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[Nintendo Game News] Ghostbusters: The Video Game Remastered Review – Review


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Who are you going to call…for a remastered video game.

Let me get this off my chest first. I absolutely adore the Ghostbusters. Everything about it is so fun, inviting, and comical. The original movies are some of my favorite films of all time. Back in 2009 when Ghostbusters: The Video Game originally came out, I could not wait to dive into a new entry in the series. Ghostbusters: The Video Game Remastered is a great albeit stripped down blast from the recent past that is worth a playthrough for its story alone.

When Ghostbusters: The Video Game was announced over ten years ago, it was met with some criticism. Could the original cast and writers (Dan Aykroyd, the late Harold Ramis, Bill Murray and Ernie Hudson) team up again nearly twenty years after the second movie and make a game that could act as a Ghostbusters 3? In my opinion, yes they can. This was not just some movie tie in to cash out on the popularity of the brand; it was a built-from-the-ground-up game that the cast took seriously.

It has been about 10 years since I played this game and booting it back up immediately brought back memories. The first thing that came to mind was the fact that this is the first time the flagship title is on a Nintendo system. Back when Ghostbusters was first released there were actually two versions of the game: one for the Playstation 3, Xbox 360 and PC and one for the Nintendo Wii and Playstation 2. The version that was released on the Wii and PS2 had a similar story but used a more kid friendly aesthetic due to the limited graphics capabilities of those consoles. The Wii version looked okay, but it is nice to see the more realistic version come to Switch.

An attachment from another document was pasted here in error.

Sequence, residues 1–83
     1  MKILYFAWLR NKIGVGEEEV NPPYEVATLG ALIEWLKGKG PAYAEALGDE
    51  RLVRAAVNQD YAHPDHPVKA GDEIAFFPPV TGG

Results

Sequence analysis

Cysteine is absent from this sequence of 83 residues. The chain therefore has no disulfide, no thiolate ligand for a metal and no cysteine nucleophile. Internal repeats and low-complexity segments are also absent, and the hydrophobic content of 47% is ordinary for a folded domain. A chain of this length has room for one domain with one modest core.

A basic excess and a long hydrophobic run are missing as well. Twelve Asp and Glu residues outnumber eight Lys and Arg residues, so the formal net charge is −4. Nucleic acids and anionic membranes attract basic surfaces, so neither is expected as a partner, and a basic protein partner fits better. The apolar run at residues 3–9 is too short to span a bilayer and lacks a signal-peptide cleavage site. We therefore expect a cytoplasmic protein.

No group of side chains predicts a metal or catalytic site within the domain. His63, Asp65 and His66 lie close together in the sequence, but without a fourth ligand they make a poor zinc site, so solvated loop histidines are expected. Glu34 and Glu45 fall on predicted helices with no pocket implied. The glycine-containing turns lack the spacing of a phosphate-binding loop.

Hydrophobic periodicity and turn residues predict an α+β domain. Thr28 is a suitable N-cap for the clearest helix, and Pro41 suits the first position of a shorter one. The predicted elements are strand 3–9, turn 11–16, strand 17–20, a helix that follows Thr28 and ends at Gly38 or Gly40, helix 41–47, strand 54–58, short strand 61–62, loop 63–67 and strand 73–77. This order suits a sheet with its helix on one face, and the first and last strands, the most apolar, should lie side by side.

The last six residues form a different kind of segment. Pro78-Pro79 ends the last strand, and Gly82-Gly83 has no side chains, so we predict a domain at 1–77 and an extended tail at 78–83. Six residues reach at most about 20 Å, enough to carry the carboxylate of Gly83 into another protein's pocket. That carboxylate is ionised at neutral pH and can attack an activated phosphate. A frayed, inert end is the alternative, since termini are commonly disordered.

In terms of remastered visuals, it does look like it got a decent update from the original release. Character models look clean, ghosts have a nice shine to them as they float and fly around, and the environments have a larger than life feel to them. The one issue I have with this, however, is that while the gameplay got an overhaul, it appears the cutscenes did not. At least compared to the rest of the game, it looks as if the scenes were just plucked from the original game and placed in the same spots. It is not that big a deal when playing in handheld mode due to the smaller screen, but it’s really noticeable when you have the Switch docked and are looking at a large TV. Fortunately, this isn’t a deal breaker as the rest of the game looks great. I especially like the way the ghosts appear and disappear through the areas.

The gameplay feels just like it did 10 years ago. You play as a new recruit on the team and control them in the third person. As you progress through the store you get new abilities on your proton pack that can be upgraded as well. You can change the button configurations around as you like, but the default works the best in my opinion. The controls are not very complicated to begin with as you really only use a few buttons. Most of the time, you are walking or running from area to area to fire at ghosts or use your PKE meter to scan objects for clues. The PKE meter does shift your view into the first person and while you are scanning you can’t use your proton pack. In the instances that you do use the PKE meter, it is usually when you are not in active combat, so it’s not a hindrance.

The story starts two years after the events of the second film and follows the team through the city of New York as the Gozer exhibit from the Museum of Natural History is emitting a high source of paranormal activity. You’ll be going from location to location as you track down the reason for why all these ghosts are appearing. Throughout the story, you’ll be seeing recognizable areas from the films such as the Sedgewick Hotel and the New York Public Library. You’ll also get to battle some pretty massive bosses including the Stay Puff Marshmallow Man. The entire game is voiced by the original cast, and the music and sound effects fit right in. It really is like playing Ghostbusters 3 in video game form.

As much as I loved running through the campaign, I am disappointed that all the multiplayer has been removed. The original game had online coop multiplayer where you could play with up to three others to capture ghosts in levels that were outside the main campaign. Even the Wii version had split-screen multiplayer that was offline, where you could play the entire story line with another person.

Ghostbusters: The Video Game Remastered has some good things going for it. A fun story, excellent voice work from the original cast, and a nice new shine to the visuals, all making the campaign feel solid. The removal of multiplayer and a lack of polish on the cutscenes make this feel a little rushed, though. If you are a fan of the brand, you will enjoy this game, but if you never really cared for the Ghostbusters, then this won’t change your mind.

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